This Week in City Paper History | News | Pittsburgh | Pittsburgh City Paper

This Week in City Paper History 

In celebration of City Paper’s 25th Anniversary, we’ll look back each week at the headlines, pictures and people who graced our pages over the years.

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I think enough time has passed that I can finally say what a lot of media types around here were thinking between 2006 and 2014: Luke Ravenstahl was an asshole. But this was the week that we all had waited for. Plagued by scandals and just plain tired of being mayor, Ravenstahl decided not to run for re-election. He still sat around his office — or somewhere, he actually wasn’t in the office much — until his term expired. In the March 6, 2013, issue, Lauren Daley and Chris Potter looked at what the upcoming mayor’s race would look like without Luke in the picture. Me? I got to recount the eight hours I stood in the hallway outside the mayor’s office waiting for an announcement that the media thought was coming. So did all that wasted time make me bitter? I guess so. But in my defense, I’m pretty sure I thought he was a dick long before that. — Charlie Deitch

Fighting fire with nothing (March 9, 1994)

John Hayes writes about the alarming shortage of volunteer firefighters in towns and municipalities across Allegheny County. “Dozens of operating departments cannot guarantee that even a single firefighter will be available to extinguish fires,” Hayes writes.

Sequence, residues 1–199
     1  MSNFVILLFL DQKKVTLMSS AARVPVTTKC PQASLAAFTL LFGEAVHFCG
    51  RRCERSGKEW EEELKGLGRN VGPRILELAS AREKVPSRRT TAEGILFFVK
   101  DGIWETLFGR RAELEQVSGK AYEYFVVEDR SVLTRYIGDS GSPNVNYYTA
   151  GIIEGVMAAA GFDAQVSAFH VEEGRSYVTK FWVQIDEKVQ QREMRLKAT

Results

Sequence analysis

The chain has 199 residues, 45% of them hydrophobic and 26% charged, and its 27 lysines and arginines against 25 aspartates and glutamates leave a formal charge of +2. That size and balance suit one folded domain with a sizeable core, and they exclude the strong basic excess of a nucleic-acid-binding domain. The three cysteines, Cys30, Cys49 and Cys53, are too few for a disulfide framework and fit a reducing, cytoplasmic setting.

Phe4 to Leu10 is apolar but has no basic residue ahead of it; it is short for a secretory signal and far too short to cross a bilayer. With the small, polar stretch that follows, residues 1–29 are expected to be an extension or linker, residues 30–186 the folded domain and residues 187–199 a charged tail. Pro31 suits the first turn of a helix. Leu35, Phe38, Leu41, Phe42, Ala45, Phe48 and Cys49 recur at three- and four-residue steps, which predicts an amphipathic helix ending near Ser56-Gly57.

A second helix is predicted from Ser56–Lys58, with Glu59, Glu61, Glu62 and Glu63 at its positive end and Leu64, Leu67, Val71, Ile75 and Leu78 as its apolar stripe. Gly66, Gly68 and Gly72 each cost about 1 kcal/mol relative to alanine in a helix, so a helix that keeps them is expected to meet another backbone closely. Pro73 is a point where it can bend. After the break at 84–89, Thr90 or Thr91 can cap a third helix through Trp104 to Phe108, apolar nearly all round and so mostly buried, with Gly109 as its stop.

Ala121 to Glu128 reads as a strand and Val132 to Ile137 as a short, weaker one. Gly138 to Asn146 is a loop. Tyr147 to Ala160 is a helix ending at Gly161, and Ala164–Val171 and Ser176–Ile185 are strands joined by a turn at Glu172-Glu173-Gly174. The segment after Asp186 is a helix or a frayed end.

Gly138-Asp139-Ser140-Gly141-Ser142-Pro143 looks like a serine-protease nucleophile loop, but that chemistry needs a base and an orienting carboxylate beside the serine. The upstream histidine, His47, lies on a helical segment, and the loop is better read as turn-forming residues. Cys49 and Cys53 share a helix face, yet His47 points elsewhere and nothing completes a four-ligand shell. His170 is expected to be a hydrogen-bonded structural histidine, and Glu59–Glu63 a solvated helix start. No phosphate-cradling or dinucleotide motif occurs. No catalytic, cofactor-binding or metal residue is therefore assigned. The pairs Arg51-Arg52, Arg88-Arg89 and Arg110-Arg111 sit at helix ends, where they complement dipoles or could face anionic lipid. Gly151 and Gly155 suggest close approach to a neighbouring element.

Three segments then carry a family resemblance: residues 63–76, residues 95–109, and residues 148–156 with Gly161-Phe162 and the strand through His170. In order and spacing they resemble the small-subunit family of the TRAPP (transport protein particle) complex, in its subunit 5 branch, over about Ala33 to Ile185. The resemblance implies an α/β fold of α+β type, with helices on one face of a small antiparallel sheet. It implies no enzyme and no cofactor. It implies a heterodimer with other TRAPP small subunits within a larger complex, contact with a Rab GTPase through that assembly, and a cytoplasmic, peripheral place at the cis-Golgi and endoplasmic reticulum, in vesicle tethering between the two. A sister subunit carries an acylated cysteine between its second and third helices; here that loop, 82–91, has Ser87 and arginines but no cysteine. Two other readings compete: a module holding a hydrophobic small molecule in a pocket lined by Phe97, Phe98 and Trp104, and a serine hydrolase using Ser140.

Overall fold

This high-priced coffee craze will never last (March 8, 1995)

CP’s David Bothner jumps on the specialty-coffee trend in a story called “Sipsters Rule.” “There’s a movement growing, a coffee culture on the rise, and in Pittsburgh a specialty-coffee industry is percolating.” Of note: “Starbucks Coffee, also of Seattle, is building its first local store in Squirrel Hill.” Needless to say, there’s more than one now.

This Internet is one crazy place! (March 5, 1997)

Writer Bill Waddell dives into the “dark side of the Internet,” and is shocked at what you can find “with common search engines and link pages.” Now, any third-grader who knows how to spell the word “boobies” can find porn on the Internet. But back then, all the “sex and perversions,” “government conspiracies” and people posting things that weren’t true was a whole new world. In 1997, the Internet contained fabrications that could never come true, such as Donald Trump running for president.

An investment for the future … or at least until 2010 (March 5, 1997)

The aging Civic Arena needed an overhaul, according to Chuck Greenberg, the head of the Igloo Development Corp., a consortium formed to decide whether the arena needed to be replaced or refurbished. “We’ve been studying this in the long run,” Greenberg said, “and it’s possible the arena could be transformed rather than replaced.” We all know how this story ends.

Bill Peduto becomes the Bill Peduto (March 6, 2002)